Sonwabile Tafeni  

Sonwabile means “We are happy” in isiXhosa – and ‘Soso’ Tafeni definitely lives up to her name.

True to her name, Sonwabile is a ray of sunshine. “People say that whenever I walk into a room, I bring happiness. I like to put smiles on everyone’s faces, and I think that’s why I get on so well with other people,” she says.

Now in her first year studying towards a BCom in Management Science at Stellenbosch University, Soso also devotes a lot of her time to working for the Earthchild Project in Khayelitsha.

The project aims to inspire a new generation of healthy, confident and conscious young leaders. It works with primary school children and teachers, providing programs that focus on the environment, health and life-skills – teaching practical skills such as yoga, mindfulness and organic gardening to over 3 500 children and 300 teachers.

Soso is the first child in her family to attend university and says graduating well is the most important thing she needs to focus on right now. She also has plans to start her own NGO focusing on supporting high school children with their academics and preparing them for entrance into university.

Accessing opportunities
“I want to focus on giving back to my own community in Khayelitsha. There are only a few kids from my community who have had access to university, and I want to change that so that they can have more opportunities available to them,” she says.

Unlike many of her peers, Soso and her three siblings were fortunate to have been raised by both of her parents, who are still happily married. She attended Sakumlandela Primary School in Site B, Khayelitsha where she was President of the Rotary Club. Thanks to the good grades she achieved, she was able to transfer to the Centre of Science and Technology (Cosat) for high school.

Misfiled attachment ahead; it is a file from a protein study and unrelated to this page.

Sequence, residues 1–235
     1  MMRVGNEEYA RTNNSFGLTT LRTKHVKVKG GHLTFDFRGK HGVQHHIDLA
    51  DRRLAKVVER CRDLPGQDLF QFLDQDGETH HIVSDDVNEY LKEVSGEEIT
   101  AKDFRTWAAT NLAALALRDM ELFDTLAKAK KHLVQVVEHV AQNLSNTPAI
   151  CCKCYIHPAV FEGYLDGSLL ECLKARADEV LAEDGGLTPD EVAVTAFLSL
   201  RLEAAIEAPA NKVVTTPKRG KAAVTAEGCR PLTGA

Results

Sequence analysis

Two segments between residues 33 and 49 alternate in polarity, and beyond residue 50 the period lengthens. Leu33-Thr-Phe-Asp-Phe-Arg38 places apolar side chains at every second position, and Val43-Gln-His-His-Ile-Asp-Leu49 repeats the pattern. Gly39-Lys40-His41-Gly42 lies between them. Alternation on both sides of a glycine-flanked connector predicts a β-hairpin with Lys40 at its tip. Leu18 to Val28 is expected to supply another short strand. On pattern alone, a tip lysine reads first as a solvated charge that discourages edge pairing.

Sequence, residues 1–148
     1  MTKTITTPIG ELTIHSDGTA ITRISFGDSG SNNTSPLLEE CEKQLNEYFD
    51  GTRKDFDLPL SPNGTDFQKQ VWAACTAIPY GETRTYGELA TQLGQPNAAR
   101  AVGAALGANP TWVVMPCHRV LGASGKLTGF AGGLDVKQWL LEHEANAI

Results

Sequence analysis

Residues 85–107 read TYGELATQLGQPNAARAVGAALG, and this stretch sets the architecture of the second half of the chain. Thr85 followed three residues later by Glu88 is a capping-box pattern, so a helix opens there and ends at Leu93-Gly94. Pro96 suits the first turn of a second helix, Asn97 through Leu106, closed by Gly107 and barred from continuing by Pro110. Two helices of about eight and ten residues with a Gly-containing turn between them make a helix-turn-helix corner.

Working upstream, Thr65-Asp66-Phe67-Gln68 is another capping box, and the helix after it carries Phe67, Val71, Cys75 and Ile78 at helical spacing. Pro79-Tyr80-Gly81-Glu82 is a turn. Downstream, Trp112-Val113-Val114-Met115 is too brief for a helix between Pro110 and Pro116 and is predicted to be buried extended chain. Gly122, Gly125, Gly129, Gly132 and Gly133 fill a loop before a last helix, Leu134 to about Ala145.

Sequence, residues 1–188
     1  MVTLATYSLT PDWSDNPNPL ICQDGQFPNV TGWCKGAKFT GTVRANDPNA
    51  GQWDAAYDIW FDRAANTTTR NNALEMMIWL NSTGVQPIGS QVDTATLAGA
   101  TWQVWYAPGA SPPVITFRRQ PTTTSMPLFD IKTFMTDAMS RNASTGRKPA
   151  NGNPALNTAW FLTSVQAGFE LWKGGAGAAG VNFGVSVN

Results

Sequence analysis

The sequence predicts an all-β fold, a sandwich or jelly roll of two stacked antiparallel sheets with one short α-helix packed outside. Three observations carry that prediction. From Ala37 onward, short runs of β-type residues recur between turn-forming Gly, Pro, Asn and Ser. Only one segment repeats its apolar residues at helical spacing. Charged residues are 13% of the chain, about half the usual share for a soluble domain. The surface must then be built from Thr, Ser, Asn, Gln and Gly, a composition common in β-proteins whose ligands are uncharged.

“My maths teacher, Mr Mkhwanazi, was the best guy ever,” she says. “He was more like a father figure to us and gave us so much support to help us in and outside the classroom.”

Soso is close to her father, who has been her strongest supporter. “I usually tell my Dad everything. Whenever I’m down, he has a way of cheering me up and keeping me going,” she says. “I remember stressing so badly before the matric results were out. I couldn’t stop crying and my dad told me that whatever results I got, he and my family would be proud of me because they knew how hard I had worked,” she says.

Free to choose

Sonwabile loves the freedom and independence that comes with being a student. “Nobody tells you what you have to do, or mustn’t do – you can make your own decisions for yourself,” she says. “I love the fact that it’s really chilled, even though the workload can get very challenging,” she says.

Soso has found an ideal distraction from the stresses and strains of academia: she has joined the Paw Society on campus and loves to spend her free Saturdays at the animal shelters, feeding, grooming and playing with the dogs and cats.

Soso plans to change her course next year to a B.Acc in financial accounting. “I love working with numbers and money,” she says. She aims to study further after graduation and qualify as a chartered accountant.

Soso was introduced to the Moshal Scholarship Program by her high school principal, and was one of the few who took the initiative to fill in the required application forms. “I took my chance and applied as I believe Moshal is the best scholarship a student could have,” she says.

“I wasn’t actually expecting to get the scholarship. I’d already decided to give up because it was already February and I didn’t have any funding, so when I heard from Moshal that I had been awarded the scholarship I was so happy, I could hardly believe it,” she adds.

Soso says the scholarship has motivated her to be the best student she can be. She is grateful for all the academic and emotional support she receives from other Moshal scholars and from the organisation itself.

“It’s the first time I have been able to buy some toiletries and some clothes for myself, as my father is the only one working at home. The allowance has lifted a financial burden from my family, as they now don’t have to borrow money to take care of me,” she adds.

She has a strong sense of self, and is a firm believer in remaining true to her goals and ambitions. “Be yourself in a world where others want you to change who you are. Other people will lose themselves and their morals and give in to temptations, but if you are steadfast and being true to yourself in whatever situation you are in, then you will flourish,” she advises.